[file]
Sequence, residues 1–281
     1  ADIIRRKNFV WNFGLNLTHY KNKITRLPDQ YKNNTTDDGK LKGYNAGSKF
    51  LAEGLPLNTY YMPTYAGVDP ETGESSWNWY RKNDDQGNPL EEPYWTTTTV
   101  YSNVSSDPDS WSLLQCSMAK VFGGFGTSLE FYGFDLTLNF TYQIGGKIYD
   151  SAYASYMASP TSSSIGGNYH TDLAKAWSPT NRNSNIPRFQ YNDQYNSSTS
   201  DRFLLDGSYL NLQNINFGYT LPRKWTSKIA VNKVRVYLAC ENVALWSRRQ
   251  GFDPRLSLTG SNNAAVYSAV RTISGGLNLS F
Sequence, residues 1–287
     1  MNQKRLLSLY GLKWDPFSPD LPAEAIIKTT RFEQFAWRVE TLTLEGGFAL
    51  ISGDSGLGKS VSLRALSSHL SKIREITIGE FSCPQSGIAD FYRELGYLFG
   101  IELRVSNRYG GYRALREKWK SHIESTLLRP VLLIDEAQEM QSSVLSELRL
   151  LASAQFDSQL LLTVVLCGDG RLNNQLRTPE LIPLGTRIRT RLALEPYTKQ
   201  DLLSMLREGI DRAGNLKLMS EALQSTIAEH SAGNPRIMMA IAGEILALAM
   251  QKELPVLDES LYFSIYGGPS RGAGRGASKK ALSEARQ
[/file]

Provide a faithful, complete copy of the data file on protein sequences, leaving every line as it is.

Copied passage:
Sequence, residues 1–281
     1  ADIIRRKNFV WNFGLNLTHY KNKITRLPDQ YKNNTTDDGK LKGYNAGSKF
    51  LAEGLPLNTY YMPTYAGVDP ETGESSWNWY RKNDDQGNPL EEPYWTTTTV
   101  YSNVSSDPDS WSLLQCSMAK VFGGFGTSLE FYGFDLTLNF TYQIGGKIYD
   151  SAYASYMASP TSSSIGGNYH TDLAKAWSPT NRNSNIPRFQ YNDQYNSSTS
   201  DRFLLDGSYL NLQNINFGYT LPRKWTSKIA VNKVRVYLAC ENVALWSRRQ
   251  GFDPRLSLTG SNNAAVYSAV RTISGGLNLS F
Sequence, residues 1–287
     1  MNQKRLLSLY GLKWDPFSPD LPAEAIIKTT RFEQFAWRVE TLTLEGGFAL
    51  ISGDSGLGKS VSLRALSSHL SKIREITIGE FSCPQSGIAD FYRELGYLFG
   101  IELRVSNRYG GYRALREKWK SHIESTLLRP VLLIDEAQEM QSSVLSELRL
   151  LASAQFDSQL LLTVVLCGDG RLNNQLRTPE LIPLGTRIRT RLALEPYTKQ
   201  DLLSMLREGI DRAGNLKLMS EALQSTIAEH SAGNPRIMMA IAGEILALAM
   251  QKELPVLDES LYFSIYGGPS RGAGRGASKK ALSEARQ